Semi-Industrialised Bank Fishery project for Chilled Fish Production for Grande Riviere South East Artisanal Fishermen
Semi-Industrialised Bank Fishery project for Chilled Fish Production for Grande Riviere South East Artisanal Fishermen
The proposed action is concerned with a semi-industrialised outer lagoon fishing project. 20 dedicated and committed artisanal fishermen grouped under the Innovative Fishermen Association (IFA), a registered association from Grand Riviere Sud Est (GRSE) village, have decided to embark on this challenging project as beneficiaries. This project is in line with government policy to encourage artisanal fishermen to explore offshore capture fisheries, which should provide them major economic benefits. Relocating fishing efforts to offshore areas should be translated through financial assistance and capacity building to artisanal fishermen as vulnerable group.

The action would consist of constructing a fully equipped fiberglass medium-sized fishing boat of 15.24 M in length and 4.57 M in width for chilled fish fishery. It will also cover the first four fishing outings operational expenses during the first two months. It is expected that after first two months, the project would be generating sufficient revenues to cover subsequent operational expenses. The action will include some major activities namely the construction the fishing boat, the purchasing and installation of engines/propellers and marine equipment, the capacity building of the target group and four fishing outings. The whole action would be covered over a period of 14 months. Fishing vessel will be operating on the St Brandon, Albatross and Hawkins banks, which are within the 1.9-km2 Mauritius Marine economic zones. The Mouvement Pour L’Autosuffisance Alimentaire (MAA), an Agricultural and Developmental registered NGO would be responsible for the implementation of the action for the beneficiaries /artisanal fishermen of Innovative Fishermen Association.

The fishing vessel would be constructed by Carpenen Ltd, a pioneer in the construction of medium-sized outer lagoon vessels. It would be equipped with freezing and chilled chambers to preserve fish in chilled condition for marketing at landing. It would be run by two Ashok Leyland Diesel Marine engines, the ALM 402 – 106HP/2000 RPM engine to be purchased though the Ashok Leyland Territory Manager (IMK) C/o Leal, Pailles. Marine equipment such as Marine GPS, Fishing Vessel tractor- LCD Radar and the Furuno Echo Sounder would be purchased from Marine Radio Sales and Service Ltd. Installation of engines and Marine equipment would be under the close guidance of the Ashok Leyland engineer and Marine Radio Sales Service Ltd respectively.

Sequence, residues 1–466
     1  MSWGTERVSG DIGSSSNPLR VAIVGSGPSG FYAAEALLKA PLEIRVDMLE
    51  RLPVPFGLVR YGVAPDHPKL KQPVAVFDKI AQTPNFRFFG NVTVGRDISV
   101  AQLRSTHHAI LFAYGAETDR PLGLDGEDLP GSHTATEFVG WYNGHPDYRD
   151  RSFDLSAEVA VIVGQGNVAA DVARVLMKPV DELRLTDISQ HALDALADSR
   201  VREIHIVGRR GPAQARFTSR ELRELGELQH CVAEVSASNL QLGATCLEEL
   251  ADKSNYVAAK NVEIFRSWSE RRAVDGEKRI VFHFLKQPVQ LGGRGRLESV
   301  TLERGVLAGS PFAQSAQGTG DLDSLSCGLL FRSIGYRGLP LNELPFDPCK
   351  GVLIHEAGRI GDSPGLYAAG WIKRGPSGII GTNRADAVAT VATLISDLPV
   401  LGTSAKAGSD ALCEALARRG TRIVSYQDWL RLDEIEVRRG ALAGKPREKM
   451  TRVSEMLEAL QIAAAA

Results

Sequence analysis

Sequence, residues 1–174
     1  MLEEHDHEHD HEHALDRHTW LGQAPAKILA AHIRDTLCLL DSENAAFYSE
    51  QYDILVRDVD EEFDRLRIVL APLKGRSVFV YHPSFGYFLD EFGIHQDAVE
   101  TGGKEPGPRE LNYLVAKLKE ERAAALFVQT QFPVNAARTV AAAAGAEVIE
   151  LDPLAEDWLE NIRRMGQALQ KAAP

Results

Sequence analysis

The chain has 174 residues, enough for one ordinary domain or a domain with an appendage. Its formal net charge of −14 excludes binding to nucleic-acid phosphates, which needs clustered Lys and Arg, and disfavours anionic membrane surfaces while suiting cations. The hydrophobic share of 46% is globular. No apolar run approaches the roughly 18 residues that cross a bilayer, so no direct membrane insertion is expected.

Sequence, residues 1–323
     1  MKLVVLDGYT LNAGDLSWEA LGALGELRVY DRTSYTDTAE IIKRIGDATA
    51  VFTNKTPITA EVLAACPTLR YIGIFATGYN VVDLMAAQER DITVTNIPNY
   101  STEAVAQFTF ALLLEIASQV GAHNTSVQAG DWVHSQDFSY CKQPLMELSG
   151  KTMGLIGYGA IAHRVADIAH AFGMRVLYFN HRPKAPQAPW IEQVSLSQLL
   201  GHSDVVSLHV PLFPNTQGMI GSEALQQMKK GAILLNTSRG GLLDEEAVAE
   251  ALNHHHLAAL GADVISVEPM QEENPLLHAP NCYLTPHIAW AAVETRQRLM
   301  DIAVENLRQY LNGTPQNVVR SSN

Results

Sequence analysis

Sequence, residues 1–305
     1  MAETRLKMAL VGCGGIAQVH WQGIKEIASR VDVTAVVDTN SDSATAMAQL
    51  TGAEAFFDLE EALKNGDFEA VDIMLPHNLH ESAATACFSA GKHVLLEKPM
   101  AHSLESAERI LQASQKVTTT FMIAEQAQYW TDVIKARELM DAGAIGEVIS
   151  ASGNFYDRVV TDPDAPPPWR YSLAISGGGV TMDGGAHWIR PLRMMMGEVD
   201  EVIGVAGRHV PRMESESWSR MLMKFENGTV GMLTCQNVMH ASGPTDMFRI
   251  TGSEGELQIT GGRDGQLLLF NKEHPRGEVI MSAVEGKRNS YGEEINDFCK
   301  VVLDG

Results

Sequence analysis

Capacity Building is an important component of the action. Beneficiaries would have further training at sea by the Fisheries Training and Extension Centre (FITEC). The training will help beneficiaries to foster their practical knowledge and skills in some key specific areas such as the engine maintenance, the manipulation of the marine communication equipment (radar, radio echo-sounder, GPS), the long-line fishing technique, and fish preservation and handling. Capacity building of beneficiaries in Project Management and Participatory monitoring and Evaluation (PME) would be provided by MAA staff through workshops and monthly meetings. Special focus will be laid on financial management and rules and regulations governing the sound management of the project. The GRSE Innovative fishing project management committee comprising of the main stakeholders would be set up to monitor the ongoing fishing activities and would replace the Project implementation committee (PIC) set up at the outset of the project to implement and monitor the action. Moreover a Secretary -Accountant will be recruited in the second term of the first year to perform administrative and financial duties and to assist in marketing.

Artisanal fishing in Mauritius is characterized by a strong dispersion of local fishermen around the coast of the island and they continue to remain as one of the most vulnerable groups in Mauritius in spite of the development in the fishing sector. They have always remained compliant to their poor economic status which many of them perceive as a matter of destiny. Exploited by intermediates for decades, most of them have not really gained the ownership of their business to become free entrepreneurs. On the other hand Government policies in the past and today has always encouraged them to go for offshore and bank fishery, but never really sort out the critical issue of financial assistance nor did they feel any need to set up close follow-up system to help them to implement such project. Most of the very few artisanal fishermen who tried the experience in the past failed in their offshore projects due to management problems. However the recent massive grouping of artisanal fishermen into a trade union is a positive sign and they have sent the red signal to the authorities to save them from their bleak destiny in lagoon fishing. A comprehensive strategy to relocate them offshore is needed to replace the piecemeal government approach.